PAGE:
Ward Hill Industrial Property Loses $6 Million Value in Decade

The property as it appeared during GlobalWare’s heyday.

Ward Hill industrial property, held at separate times by two high-profile, but ultimately failing enterprises, was sold last week for nearly $12 million—a third less than its previous sale price.

EIP Ward Hill LLC, associated with Equity Industrial Partners Corp. of Needham, purchased the 148 and 200 Ward Hill Ave. buildings with a combined total of 270,000 square feet on about 14 acres of land. The buildings were built in 1983 and 1999 respectively. The property had been owned by Stag II LLC since 2006 when it paid more than $18 million.

The property was once occupied by GlobalWare Solutions, a provider of supply-chain solutions for the software industry. The company sold the property to Taurus Ward Hill in 2002 for $15.3 million and leased it back. Previously, the property was home to Gividi Glass Fabrics, manufacturer of glass fine-yarn fabrics for industrial and composite use. Gividi was once the largest customer of the former Essex County Gas Co. With Massachusetts at the then-literal end of the southern-based natural gas pipelines, it was a challenge to cost-effectively meet the company’s energy needs.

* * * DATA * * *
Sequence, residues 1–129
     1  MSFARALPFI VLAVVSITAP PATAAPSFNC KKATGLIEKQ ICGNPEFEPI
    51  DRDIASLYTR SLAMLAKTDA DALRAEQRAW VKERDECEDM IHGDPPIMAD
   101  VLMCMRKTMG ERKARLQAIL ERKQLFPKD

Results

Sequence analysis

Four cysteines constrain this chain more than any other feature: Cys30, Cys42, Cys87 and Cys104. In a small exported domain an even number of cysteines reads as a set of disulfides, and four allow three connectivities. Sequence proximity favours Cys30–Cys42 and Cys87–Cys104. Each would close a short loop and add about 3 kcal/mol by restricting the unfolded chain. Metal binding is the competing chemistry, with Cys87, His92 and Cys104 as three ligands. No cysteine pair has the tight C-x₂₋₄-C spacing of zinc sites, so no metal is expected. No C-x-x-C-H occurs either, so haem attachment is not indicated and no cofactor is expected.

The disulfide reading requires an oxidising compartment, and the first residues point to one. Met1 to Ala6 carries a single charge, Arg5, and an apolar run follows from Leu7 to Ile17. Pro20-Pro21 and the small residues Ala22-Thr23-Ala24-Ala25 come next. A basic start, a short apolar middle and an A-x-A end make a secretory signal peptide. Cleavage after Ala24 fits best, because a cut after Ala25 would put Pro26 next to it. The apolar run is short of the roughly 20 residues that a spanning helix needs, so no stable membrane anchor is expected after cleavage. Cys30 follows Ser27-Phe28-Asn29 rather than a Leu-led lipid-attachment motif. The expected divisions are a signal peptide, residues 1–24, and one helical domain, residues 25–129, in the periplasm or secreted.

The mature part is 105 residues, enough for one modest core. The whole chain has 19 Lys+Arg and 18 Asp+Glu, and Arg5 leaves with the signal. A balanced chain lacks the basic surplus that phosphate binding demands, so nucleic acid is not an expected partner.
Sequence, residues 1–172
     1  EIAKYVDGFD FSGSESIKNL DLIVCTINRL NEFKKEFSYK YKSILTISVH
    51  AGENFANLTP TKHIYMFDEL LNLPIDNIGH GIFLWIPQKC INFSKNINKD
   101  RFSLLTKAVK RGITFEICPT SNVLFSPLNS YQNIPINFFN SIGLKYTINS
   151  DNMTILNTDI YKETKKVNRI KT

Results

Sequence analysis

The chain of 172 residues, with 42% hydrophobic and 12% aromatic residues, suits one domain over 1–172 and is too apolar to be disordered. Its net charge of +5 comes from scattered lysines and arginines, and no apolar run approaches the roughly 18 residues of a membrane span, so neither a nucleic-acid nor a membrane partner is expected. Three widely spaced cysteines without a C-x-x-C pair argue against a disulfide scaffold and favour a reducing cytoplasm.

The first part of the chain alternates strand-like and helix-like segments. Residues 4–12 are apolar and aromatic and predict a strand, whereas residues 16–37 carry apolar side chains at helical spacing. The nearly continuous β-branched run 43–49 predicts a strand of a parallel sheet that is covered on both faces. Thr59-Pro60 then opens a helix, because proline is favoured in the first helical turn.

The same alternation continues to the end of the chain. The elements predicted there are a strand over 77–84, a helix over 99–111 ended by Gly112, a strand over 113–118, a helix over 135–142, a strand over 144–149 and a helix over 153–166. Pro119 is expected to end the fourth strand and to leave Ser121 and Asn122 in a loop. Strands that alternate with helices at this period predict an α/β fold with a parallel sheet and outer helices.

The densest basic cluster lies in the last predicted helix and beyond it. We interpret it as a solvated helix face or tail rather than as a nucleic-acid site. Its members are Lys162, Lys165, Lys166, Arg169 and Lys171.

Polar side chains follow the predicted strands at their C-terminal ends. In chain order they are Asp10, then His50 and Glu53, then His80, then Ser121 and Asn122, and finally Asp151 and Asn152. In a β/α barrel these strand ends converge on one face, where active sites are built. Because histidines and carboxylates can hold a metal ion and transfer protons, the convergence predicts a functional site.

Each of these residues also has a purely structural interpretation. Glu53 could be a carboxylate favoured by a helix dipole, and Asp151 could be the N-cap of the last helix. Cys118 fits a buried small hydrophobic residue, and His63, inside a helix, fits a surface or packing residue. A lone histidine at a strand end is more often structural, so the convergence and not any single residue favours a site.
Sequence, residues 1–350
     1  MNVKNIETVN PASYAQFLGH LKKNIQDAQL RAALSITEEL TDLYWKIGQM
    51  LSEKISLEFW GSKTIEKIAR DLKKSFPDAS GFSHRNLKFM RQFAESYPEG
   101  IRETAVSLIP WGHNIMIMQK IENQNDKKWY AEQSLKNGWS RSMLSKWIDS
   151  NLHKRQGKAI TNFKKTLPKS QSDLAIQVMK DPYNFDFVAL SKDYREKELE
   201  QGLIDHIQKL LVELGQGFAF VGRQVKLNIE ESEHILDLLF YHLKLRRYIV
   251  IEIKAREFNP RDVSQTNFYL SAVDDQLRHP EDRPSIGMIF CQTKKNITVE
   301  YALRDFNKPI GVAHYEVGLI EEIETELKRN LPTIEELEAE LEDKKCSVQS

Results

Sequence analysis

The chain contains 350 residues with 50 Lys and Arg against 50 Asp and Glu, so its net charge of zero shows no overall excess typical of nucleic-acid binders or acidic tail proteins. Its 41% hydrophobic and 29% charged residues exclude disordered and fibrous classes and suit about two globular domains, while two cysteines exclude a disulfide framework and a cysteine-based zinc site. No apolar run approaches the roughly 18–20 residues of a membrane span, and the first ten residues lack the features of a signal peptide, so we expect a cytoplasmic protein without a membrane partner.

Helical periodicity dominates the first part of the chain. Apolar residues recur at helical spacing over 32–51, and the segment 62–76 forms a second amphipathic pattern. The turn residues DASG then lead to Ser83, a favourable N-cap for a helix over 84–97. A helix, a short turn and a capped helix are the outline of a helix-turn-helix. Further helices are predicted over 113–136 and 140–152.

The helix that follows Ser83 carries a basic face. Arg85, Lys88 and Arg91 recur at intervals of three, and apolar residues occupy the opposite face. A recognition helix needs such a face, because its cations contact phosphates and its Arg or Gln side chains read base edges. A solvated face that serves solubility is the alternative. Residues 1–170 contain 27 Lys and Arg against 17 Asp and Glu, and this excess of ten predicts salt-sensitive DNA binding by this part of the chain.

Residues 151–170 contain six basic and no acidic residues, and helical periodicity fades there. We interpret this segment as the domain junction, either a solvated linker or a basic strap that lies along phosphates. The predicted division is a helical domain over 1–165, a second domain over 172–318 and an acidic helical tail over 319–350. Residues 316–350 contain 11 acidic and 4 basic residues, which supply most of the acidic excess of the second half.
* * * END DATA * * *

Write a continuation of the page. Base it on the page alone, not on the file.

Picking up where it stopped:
In recent years, GlobalWare gradually sublet almost all of its space. In 2010, Stag II filed papers in district court to evict GlobalWare from the property and the order was granted in 2012.

GlobalWare Solution was founded in 1978 as ZBR Publications, a print shop, and changed its name in 2000. At one time the Haverhill-based company also had offices in Redwood City, Calif.; Amsterdam, the Netherlands; Chennai, India; Kunshan, Shanghai, Shenzhen, and Wuxi, China; Singapore; and Penang, Malaysia.

Southern Essex District Register of Deeds John O’Brien said the Commonwealth received $54,492 in excise taxes when the sale closed Friday.

2 thoughts on “Ward Hill Industrial Property Loses $6 Million Value in Decade

  1. Our condominium, like many home values across the country, have lost a significant amount of their worth over the last 10 years. I don’t think this story should come as a surprise to anyone.

  2. I predict in less than a decade developers will request zoning changes to the Ward Hill park to convert to housing…..low income and “affordable” completing Haverhill’s quest to be a 100% bedroom and low income community. Haverhill is NOT business friendly.